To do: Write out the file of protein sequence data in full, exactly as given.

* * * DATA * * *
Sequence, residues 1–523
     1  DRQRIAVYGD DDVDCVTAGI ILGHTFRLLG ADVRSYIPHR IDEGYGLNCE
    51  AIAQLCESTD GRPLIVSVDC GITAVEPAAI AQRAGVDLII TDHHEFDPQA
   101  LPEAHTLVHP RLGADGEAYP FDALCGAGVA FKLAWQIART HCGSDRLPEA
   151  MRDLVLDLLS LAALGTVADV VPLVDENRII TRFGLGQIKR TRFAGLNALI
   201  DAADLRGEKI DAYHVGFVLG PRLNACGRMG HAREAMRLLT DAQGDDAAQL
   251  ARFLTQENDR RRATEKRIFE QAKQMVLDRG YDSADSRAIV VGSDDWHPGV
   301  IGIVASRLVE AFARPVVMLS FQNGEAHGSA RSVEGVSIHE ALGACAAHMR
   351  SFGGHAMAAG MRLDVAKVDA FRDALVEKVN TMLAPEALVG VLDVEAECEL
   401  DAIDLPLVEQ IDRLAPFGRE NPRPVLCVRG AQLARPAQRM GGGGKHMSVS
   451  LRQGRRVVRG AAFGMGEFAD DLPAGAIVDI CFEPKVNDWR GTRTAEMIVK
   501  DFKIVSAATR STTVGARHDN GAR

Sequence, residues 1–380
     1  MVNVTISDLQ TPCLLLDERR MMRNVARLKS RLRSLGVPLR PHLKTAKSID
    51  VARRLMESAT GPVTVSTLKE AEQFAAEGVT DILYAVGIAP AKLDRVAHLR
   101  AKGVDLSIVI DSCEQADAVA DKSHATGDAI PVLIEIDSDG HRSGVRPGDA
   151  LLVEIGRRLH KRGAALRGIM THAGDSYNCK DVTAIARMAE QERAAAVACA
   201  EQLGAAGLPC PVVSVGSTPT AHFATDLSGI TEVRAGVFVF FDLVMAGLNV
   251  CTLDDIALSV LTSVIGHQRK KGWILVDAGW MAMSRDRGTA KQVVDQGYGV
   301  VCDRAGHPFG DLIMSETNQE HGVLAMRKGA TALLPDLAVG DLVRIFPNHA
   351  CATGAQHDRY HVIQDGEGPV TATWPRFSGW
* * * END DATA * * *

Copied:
Sequence, residues 1–523
     1  DRQRIAVYGD DDVDCVTAGI ILGHTFRLLG ADVRSYIPHR IDEGYGLNCE
    51  AIAQLCESTD GRPLIVSVDC GITAVEPAAI AQRAGVDLII TDHHEFDPQA
   101  LPEAHTLVHP RLGADGEAYP FDALCGAGVA FKLAWQIART HCGSDRLPEA
   151  MRDLVLDLLS LAALGTVADV VPLVDENRII TRFGLGQIKR TRFAGLNALI
   201  DAADLRGEKI DAYHVGFVLG PRLNACGRMG HAREAMRLLT DAQGDDAAQL
   251  ARFLTQENDR RRATEKRIFE QAKQMVLDRG YDSADSRAIV VGSDDWHPGV
   301  IGIVASRLVE AFARPVVMLS FQNGEAHGSA RSVEGVSIHE ALGACAAHMR
   351  SFGGHAMAAG MRLDVAKVDA FRDALVEKVN TMLAPEALVG VLDVEAECEL
   401  DAIDLPLVEQ IDRLAPFGRE NPRPVLCVRG AQLARPAQRM GGGGKHMSVS
   451  LRQGRRVVRG AAFGMGEFAD DLPAGAIVDI CFEPKVNDWR GTRTAEMIVK
   501  DFKIVSAATR STTVGARHDN GAR

Sequence, residues 1–380
     1  MVNVTISDLQ TPCLLLDERR MMRNVARLKS RLRSLGVPLR PHLKTAKSID
    51  VARRLMESAT GPVTVSTLKE AEQFAAEGVT DILYAVGIAP AKLDRVAHLR
   101  AKGVDLSIVI DSCEQADAVA DKSHATGDAI PVLIEIDSDG HRSGVRPGDA
   151  LLVEIGRRLH KRGAALRGIM THAGDSYNCK DVTAIARMAE QERAAAVACA
   201  EQLGAAGLPC PVVSVGSTPT AHFATDLSGI TEVRAGVFVF FDLVMAGLNV
   251  CTLDDIALSV LTSVIGHQRK KGWILVDAGW MAMSRDRGTA KQVVDQGYGV
   301  VCDRAGHPFG DLIMSETNQE HGVLAMRKGA TALLPDLAVG DLVRIFPNHA
   351  CATGAQHDRY HVIQDGEGPV TATWPRFSGW